Sunday, August 16, 2015

Fan Art, by Sarah Tregay

Jamie knows that falling in love with your best friend is never a good idea, but especially when he doesn't know that you're gay (and you don't know if he is).  But when one of Jamie's other friends makes him publish her gay-themed fan art in the school literary magazine (with two characters that look suspiciously like Jamie and his friend), the cat is about to be let out of the bag.  Time is running out for Jamie to come clean and come out to his friend.  Now, Jamie just needs to find the inner strength to do so.

This is a strange novel and I'm not quite sure how to read it.  Tregay avoids the usual stereotypes of gay YA.  Jamie's parents are accepting.  There's a small amount of static from his peers, but for the most part, Jamie's reluctance to fully come out is just a fear of losing his friend's affection.  But the whole thing seems blown out of proportion.  Why does the publication of the fan art have to be such a big deal?  How is Jamie even vaguely forced to publish it?  Why do so if it threatens his ability to keep his orientation under wraps?  And, why, if he is so afraid to come out, does he make so little attempt to hide it?  And, as for the boys, given the constant mixed signals they keep sending each other, we're all pretty certain how this is all going to end up by the 100th page.  So, what exactly was the point of it?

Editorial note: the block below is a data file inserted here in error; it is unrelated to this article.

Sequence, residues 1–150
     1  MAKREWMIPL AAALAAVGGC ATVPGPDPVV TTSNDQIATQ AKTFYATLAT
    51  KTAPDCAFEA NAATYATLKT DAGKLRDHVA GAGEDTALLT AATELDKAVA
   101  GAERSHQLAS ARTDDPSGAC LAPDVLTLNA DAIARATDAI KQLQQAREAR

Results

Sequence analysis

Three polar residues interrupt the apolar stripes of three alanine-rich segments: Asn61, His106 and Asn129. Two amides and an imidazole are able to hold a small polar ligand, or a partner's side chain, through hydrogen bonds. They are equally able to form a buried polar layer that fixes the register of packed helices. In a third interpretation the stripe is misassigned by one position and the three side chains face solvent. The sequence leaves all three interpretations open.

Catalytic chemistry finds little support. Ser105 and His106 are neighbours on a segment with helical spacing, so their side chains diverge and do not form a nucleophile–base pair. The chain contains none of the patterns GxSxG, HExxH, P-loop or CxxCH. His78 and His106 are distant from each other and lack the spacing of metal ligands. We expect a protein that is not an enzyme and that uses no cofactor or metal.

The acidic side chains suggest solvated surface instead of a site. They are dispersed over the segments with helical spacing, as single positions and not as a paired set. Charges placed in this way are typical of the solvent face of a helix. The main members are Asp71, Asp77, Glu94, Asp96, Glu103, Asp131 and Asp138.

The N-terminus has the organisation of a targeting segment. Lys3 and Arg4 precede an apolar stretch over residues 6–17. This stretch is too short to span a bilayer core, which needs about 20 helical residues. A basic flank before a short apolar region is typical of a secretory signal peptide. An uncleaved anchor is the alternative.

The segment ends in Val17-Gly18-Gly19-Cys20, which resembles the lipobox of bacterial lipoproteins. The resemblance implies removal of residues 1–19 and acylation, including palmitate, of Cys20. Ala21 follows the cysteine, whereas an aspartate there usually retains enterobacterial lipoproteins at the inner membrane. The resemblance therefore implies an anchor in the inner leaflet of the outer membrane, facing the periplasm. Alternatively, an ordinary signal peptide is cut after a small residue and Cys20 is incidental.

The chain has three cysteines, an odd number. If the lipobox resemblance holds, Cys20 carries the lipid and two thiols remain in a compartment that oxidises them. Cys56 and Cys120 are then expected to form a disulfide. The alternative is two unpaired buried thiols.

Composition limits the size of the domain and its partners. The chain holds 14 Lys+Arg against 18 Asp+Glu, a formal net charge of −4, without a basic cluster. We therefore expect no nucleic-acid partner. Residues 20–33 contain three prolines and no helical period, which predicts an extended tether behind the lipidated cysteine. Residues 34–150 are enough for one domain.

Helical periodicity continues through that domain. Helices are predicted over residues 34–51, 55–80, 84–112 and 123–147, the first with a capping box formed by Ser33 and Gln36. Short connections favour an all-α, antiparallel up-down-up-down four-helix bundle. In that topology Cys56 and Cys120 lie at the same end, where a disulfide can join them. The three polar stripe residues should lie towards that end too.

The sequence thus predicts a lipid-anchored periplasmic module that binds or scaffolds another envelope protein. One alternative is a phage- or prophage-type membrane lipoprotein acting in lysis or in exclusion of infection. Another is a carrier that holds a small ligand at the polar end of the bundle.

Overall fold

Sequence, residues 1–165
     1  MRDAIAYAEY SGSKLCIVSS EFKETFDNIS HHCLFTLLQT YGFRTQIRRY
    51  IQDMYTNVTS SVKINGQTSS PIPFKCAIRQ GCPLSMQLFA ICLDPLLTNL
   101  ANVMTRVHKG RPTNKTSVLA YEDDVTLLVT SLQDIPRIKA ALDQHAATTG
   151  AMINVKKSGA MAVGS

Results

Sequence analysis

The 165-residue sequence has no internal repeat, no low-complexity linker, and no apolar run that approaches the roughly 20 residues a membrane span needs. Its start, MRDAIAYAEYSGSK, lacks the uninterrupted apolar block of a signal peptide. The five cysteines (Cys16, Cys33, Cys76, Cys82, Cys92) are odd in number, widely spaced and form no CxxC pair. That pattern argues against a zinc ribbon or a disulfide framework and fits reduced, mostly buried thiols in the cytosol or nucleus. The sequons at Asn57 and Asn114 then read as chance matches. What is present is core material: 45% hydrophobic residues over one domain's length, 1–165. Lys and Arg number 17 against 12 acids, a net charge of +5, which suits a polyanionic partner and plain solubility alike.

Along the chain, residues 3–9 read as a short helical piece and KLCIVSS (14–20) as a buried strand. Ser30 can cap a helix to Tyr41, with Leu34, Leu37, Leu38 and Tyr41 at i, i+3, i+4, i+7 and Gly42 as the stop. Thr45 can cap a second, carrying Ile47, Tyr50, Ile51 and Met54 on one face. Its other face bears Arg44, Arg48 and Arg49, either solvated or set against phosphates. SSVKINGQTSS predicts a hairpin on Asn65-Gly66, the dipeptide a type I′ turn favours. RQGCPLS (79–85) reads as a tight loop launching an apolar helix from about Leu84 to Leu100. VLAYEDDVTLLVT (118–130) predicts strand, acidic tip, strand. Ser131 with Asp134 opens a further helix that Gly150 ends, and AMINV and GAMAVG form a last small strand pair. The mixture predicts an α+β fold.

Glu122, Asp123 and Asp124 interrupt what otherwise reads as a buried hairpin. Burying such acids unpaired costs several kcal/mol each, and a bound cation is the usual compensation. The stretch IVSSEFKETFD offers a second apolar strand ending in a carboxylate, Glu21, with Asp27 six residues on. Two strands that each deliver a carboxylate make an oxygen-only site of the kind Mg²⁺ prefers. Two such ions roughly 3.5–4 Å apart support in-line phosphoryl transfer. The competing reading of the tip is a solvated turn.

Still, as an example of a more liberal contemporary view of being a gay teen (in a world where prejudice does not in fact play a defining role), this could be read as a rom-com.  In that mindset, the set ups would seem funny and we could just enjoy the fun of two people finding each other.  But then, Tregay throws in a hint of menace that suggests that it isn't that simple and that she wants to make a statement about how hard it is to be a gay teen.  And so I get confused again about what we're doing here.

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